Hope that my English is good enough to be understood1)
The West End Watch Co., a little known maison (at least in Italy) that was the first to mount the antichock on an industrial scale on their watches, was among the first to adopt the water-resistant cases FB as well as having significantly contributed to the spread of Swiss watchmaking in the Far East, has often given me pleasant surprises.
West End Watch told me that the watch has been manufactured in the late '30s, presumably at the turn of 1938 and 1939
I would like to be able to tell you something about Mr. ARL Baker, Irish in Belfast
Under the caseback, I found a little surprise
So Mr. Baker was an Official of the 'Indian Civil Service in the early '40s and I went straight to requests for information both to London and India, but despite several reminders, I got only silence ..........
It remains, however, the consolation of having a discrete movement (based FHF 30)....
....and a watch with a little of history
It is not a precious watch, but of those that I like.
This is a watch that, at least initially, appeared an anomalous one to me.
Logo absent and not gone for external agents.
The movement, and so far nothing in particular, is the classic Longines 10.68Z with blued screws.
The case begins instead to be outside of the usual canons
The most that leaved me puzzled was the dial on which stood the absence of the Longines logo.
Seized from the doubt that it was an assemblage, I contacted Longines
"Dear Mr. Xxxxxx,
Thank you for your e-mail as well as for your interest in LONGINES watches.
#serial number 6’618’295, Wristwatch in steel with leather band. It has a movement caliber 10.68Z
It was invoiced to Messrs West End Watch, at that time our agents for the India, on 05.02.1944.
It is possible that the case was changed by our agent.
You can consider this watch as a original LONGINES watch.
We hope this information is convenient to you, we remain on your disposal and send you our best regards,
West End Watch was then allowed to mount Longines movements in other cases.
I therefore turned to the West End
"Dear Mr Xxxxxx,
Thanks for your message and interest in our West End Watches.
Before West End Watch was purchasing watches bearing its brand name from several historical brands (such as Longines, Cyma, Tissot, Mido, Omega, IWC, Aubry, etc.) West End was the only brand for which Longines was producing watches without the Longines name on dial and case. The West End Watch Co. had started in Bombay. The founder was Mr Droz, whose family company was located in St-Imier and they were neighbours with Longines. West End was also the agent for Longines in India until the late 1950s when the market was closed for the importation of Swiss watches.
The West End Watch Co. was taken over in 1973 and offices moved from Geneva to Le Noirmont (Jura). Then, again, in 2001, the company was taken over and moved from Le Noirmont to the present place Leytron (Vallese). Not all archives have followed over the decades, not speaking about the offices in India which were closed down in the 1950s and 2000 for the last one.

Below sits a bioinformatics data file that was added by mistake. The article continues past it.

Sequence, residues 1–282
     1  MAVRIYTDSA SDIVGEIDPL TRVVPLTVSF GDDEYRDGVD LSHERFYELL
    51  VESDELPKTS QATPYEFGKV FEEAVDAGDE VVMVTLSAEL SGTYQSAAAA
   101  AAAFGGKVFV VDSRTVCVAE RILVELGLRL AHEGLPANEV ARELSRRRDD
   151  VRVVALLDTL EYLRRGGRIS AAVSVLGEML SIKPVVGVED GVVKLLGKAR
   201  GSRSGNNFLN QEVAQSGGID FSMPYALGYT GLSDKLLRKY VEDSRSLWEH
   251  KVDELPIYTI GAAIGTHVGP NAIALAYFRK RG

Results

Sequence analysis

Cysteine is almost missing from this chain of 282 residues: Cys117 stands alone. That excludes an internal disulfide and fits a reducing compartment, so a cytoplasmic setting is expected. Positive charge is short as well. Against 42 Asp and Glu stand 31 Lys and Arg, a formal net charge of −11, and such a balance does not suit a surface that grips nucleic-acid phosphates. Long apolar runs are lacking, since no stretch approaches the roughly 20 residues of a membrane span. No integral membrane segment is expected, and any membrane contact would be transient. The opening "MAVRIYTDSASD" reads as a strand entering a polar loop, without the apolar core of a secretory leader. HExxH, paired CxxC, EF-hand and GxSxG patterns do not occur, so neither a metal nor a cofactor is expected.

However, the date you mentionate is absolutely realistic; Longines has supplied West End until the 1950s.
Regarding Borgel cases, see the very interesting article under The history of François Borgel, Louisa Borgel and the Taubert family - watch case makers of Geneva, Switzerland
We remain at your entire disposal for further information
With best regards from Canton Vallese (not far away from Milano!).
WE/J. Monnat Jr - CEO"
I learned something really interesting about the relationship between Longines and the West End Watch Co, as well as between West End and Borgel.
Here the "anomaly" is repeated in this watch: a West End-Multifort
Caseback marked WEW and properly coupled with the case
The movement, the classic Mido1941 based on AS, is marked WEW
Let’s compare this watch with a “classic” Mido; case and dial (except for the different spheres and finishing) are the same
Casebacks and serial numbers have the same style
The watch has been manufactured by Mido and it is registered in their archives
“Dear Mr. Xxxxxx,
We thank you for your request and for your interest in Mido watches.
All we can say about this watch is that the year of manufacture is 1942.
We stay at your disposal for any other information.
What does West End Watch say about this watch? Here is an excerpt of the correspondence with.
“…West End has been the agent of several brands for the Indian market. Longines, of course, was the most significant one. But West End has also been the agent of Mido from 1938 to 1951, when the Indian market was closed to importations after the independence. I have read it in the history of the brand - written by the late Mr. Foex, who has been director from 1920 to 1973! - that West End has sold several thousand (if I remember about 5,000) such automatic WE-Multifort in India, but they were suffering of weaknesses with the automatic system…
…After a few years, the owner of Mido, Mr. Schaeren, has wished to fly by his own wings on the Indian market. Mr. Foex writes that Mr. Schaeren could not sell a single watch on the Indian market without the West End support…
…I have checked in the old files and as far as we could understand, the watches were 100% supplied to West End. It means they were produced with the West End marks by Mido...”.
This is an other important testimony on how the Swiss watches has been marketed in India by West End Watch Co.
Now a touch of color, all three watches bear on the caseback the owner's name and both the Sowan and Mido come from Belfast.